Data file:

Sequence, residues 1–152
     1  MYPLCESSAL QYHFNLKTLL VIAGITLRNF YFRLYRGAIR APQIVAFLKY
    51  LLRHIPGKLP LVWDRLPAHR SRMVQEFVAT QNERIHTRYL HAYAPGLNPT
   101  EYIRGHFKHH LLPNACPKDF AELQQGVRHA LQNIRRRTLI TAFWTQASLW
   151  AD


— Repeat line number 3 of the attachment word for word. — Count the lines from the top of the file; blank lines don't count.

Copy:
    51  LLRHIPGKLP LVWDRLPAHR SRMVQEFVAT QNERIHTRYL HAYAPGLNPT